Tuesday, June 10, 2008

Book Review: "The Library at Night"

Alberto Manguel's latest book is The Library at Night (published in the U.S. by Yale, 2008). The book emerged, he writes, out of his quest to discover why, in the face of the knowledge that all our human efforts to "lend the world a semblance of sense and order ... are sadly doomed to failure," we still try. "Though I knew from the start that the question would most likely remain unanswered, the quest seemed worthwhile for its own sake." The chapters, which all begin "The Library as ___," include anecdotal musings from Manguel's own life as a bibliophile and personal librarian, combined with always-pertinent historical background.

In his unmatched lyrical prose, Manguel treats many varied aspects of book collecting, librarianship and reading: library catalogs, reading out loud (I'm glad I'm not the only one who does that), the exclusiveness inherent in every library collection, Google Books, Borges' manufactured and hilarious list of "things to avoid in literature," &c. I could spend pages going through the various chapters, but I think I'll settle for just including a few quotes which I found particularly interesting:

- On the differences between a library at different times of day: "If the library of the morning suggests an echo of the severe and reasonably wishful order of the world, the library at night seems to rejoice in the world's essential, joyful muddle" (p. 14).

- On price stickers: "Old or new, the only sign I always try to rid my books of (usually with little success) is the price-sticker that malignant booksellers attach to the backs. These evil white scabs rip off with difficulty, leaving leprous wounds and traces of slime to which adhere the dust and fluff of ages, making me wish for a special gummy hell to which the inventor of these stickers would be condemned" (p. 17). Let's just say I couldn't agree more.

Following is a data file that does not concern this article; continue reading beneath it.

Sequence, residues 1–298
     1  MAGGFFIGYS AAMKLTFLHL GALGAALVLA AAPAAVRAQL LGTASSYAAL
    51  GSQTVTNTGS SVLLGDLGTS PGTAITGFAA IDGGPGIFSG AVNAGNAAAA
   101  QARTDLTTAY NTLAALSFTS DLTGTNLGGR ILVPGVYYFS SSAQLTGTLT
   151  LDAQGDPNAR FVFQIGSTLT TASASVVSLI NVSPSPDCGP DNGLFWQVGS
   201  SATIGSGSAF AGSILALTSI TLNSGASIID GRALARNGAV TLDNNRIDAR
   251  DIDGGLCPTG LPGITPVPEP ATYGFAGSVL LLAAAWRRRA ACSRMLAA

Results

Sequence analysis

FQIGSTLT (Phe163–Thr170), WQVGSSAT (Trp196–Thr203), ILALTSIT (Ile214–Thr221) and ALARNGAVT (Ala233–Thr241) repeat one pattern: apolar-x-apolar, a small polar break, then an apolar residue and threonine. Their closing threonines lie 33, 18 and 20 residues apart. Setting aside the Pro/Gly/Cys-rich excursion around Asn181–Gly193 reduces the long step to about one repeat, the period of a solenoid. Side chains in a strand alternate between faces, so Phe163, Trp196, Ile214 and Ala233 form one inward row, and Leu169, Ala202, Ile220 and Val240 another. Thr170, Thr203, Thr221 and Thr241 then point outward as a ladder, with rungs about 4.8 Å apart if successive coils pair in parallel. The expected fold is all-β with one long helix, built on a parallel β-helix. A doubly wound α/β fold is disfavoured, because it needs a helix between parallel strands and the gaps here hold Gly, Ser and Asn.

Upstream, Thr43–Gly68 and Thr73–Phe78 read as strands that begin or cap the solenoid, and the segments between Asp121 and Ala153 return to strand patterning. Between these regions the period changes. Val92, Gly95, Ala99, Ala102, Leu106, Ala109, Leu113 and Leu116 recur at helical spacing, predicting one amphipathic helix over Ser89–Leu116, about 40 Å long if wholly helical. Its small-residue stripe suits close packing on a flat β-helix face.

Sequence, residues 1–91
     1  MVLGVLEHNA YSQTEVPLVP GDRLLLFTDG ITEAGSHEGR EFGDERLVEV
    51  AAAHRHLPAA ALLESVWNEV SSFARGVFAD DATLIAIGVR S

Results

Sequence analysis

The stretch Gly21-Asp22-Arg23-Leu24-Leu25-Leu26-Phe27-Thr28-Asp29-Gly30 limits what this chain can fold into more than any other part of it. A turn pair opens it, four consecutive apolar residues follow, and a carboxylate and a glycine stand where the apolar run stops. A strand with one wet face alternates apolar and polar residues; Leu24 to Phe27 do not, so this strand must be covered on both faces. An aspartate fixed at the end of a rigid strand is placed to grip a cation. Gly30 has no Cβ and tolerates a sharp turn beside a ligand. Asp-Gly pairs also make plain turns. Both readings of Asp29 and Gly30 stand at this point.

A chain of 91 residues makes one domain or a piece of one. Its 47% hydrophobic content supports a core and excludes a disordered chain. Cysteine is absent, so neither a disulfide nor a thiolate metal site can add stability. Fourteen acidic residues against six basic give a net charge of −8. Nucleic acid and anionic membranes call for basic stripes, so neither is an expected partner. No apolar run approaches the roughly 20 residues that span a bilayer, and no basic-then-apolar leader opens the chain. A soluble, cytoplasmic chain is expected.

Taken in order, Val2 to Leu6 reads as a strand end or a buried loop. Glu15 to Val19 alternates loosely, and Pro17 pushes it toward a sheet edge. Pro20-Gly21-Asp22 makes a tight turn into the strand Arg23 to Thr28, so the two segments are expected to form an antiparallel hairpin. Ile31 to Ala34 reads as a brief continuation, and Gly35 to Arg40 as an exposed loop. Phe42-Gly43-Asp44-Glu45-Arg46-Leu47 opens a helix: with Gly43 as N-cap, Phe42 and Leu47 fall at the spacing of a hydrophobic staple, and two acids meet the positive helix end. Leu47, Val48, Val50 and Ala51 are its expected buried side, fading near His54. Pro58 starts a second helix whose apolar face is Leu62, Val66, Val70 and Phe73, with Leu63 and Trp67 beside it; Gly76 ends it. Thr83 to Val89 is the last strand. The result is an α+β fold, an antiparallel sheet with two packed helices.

- "In a library, no shelf remains empty for long. Like Nature, libraries abhor a vacuum, and the problem of space is inherent in the very nature of any collection of books" (p. 66). Oh, too true!

- "Books come together because of the whims of a collector, the avatars of a community, the passing of war and time, because of neglect, care, the imponderability of survival, the random culling of the rag-and-bone trade, and it may take centuries before their congregation acquires the identifiable shape of a library" (p. 165).

- "What makes a library a reflection of its owner is not merely the choice of the titles themselves, but the mesh of associations implied in the choice. Our experience builds on experience, our memory on other memories. Our books build on other books that change or enrich them, that grant them a chronology apart from that of literary dictionaries" (p. 194).